Kepler College is a small liberal arts school located in Lynnwood Washington, just north of Seattle. It is the only college in the western hemisphere authorized to issue BA, AA and MA degrees in Astrological Studies. Kepler offers a Distance Learning with Symposia program designed to accommodate students from around the world without the need to relocate to Washington State. Ten weeks of each eleven-week term, students engage with fellow students and faculty via email and electronic classroom communication. The one-week on-site Symposia each term is the centerpiece of the academic experience that provides students with direct interaction with faculty and peers in a classroom setting. The program provides a synthesis of subjects in a fully integrated interdisciplinary curriculum, giving students the breadth of education available from a traditional liberal arts program.
History of the school
Kepler was originally conceived of by a Seattle astrologer named Maggie Nalbandian. At the time, many people in the astrological community felt that the best approach towards legitimizing astrology would be to try to join an already existing school, but Maggie believed that that would not be likely to happen, and that the astrological community should form it's own school.
Ms. Nalbandian had been talking about a college for astrology for many years, and then in 1991 an astrologer named Michael Munkasey put her in touch with a woman from Alabama who had written her Masters thesis about a college with a curriculum directed towards astrology. Maggie flew to Chicago to meet this woman and a group of astrologers in August of 1991, and a meeting was held there to discuss a college for astrology. There was some division amongst the group as to what course of action to take in order to form a school, or if it should even be done at all. At the end of the meeting Maggie declared that she was going to go back to Seattle to form a school, and the group gave her their support.
It was on September 3, of 1991, after Maggie flew back to Seattle that she brought together a group of Washington State "visionary" astrologers and the first meeting to form the college was held. The group divided themselves into teams, and they began to formulate the outline for the school. At the second meeting Rick Levine proposed the name 'Kepler College' and designed the logo and brochures, while Martha Taub acted as an archivist by keeping records of what was going on, and the various charts for the school. Gary Lorentzen and Roxana Muise were the two who focused mainly on the curriculum, while Maggie acted mainly as the liaison with the astrological community. She traveled to several astrological conferences in the early 90's trying to raise support and donations from the community. Joanne Wickenburg and Roxana Muise also helped to spread the word about Kepler throughout the community and raise support by utilizing their vast networking capabilities. Kepler was first announced at the Northwest Astrological Conference in 1992, and it was incorporated later that year on November 27th, 1992.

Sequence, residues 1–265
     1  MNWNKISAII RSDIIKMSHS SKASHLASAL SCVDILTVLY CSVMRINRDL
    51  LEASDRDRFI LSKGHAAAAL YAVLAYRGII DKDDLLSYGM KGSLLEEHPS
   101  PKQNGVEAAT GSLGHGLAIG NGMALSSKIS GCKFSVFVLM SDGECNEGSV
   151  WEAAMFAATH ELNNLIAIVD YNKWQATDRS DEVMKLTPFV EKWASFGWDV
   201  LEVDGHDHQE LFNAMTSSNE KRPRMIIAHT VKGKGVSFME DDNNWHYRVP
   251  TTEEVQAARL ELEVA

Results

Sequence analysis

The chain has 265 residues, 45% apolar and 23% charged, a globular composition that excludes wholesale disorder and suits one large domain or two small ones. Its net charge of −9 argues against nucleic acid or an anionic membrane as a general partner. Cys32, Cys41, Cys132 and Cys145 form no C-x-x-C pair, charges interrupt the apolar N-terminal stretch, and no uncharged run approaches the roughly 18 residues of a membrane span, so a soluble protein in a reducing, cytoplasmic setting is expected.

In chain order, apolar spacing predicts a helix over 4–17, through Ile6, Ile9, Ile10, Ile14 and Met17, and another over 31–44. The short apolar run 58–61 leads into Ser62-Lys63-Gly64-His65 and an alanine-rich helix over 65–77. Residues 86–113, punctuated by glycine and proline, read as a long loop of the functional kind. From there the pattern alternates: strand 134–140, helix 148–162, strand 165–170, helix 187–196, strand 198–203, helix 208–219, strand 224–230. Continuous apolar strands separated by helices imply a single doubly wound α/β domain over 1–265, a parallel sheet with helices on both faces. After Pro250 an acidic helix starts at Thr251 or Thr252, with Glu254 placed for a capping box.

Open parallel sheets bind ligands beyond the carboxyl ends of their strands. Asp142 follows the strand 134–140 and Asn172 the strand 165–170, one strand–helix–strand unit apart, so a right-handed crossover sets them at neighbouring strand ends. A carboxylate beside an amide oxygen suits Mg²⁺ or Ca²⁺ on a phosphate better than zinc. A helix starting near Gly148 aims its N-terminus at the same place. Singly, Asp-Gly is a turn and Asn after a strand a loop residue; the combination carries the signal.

For a while there was a lot of resistance within the astrological community to the idea of Kepler, due to a variety of reasons. For example, some felt threatened by the school because many astrologers teach astrology privately themselves as a craft, while others feared the possibility of regulation within the community itself for something that they viewed as an art. Many more showed reluctance towards the idea simply because they didn't believe that it was possible. There were many people within the community who didn't believe in the college early on, but that eventually came around as they saw it start to come together due to the tireless efforts of the school's proponents and supporters.
As a result of the hard work and dedication of many unpaid volunteers and extremely idealistic astrologers in the mid and late 90's, on March 10, 2000 the Washington Higher Education Coordinating Board granted Kepler authorization to give BA degrees in Astrological Studies and classes started shortly afterwards, on July 20, 2000. The first symposium began August 18, 2000. The school was authorized to grant AA degrees on June 22, 2004 and on October 10, 2004 Kepler awarded academic degrees in Astrological Arts and Sciences to their first graduating class.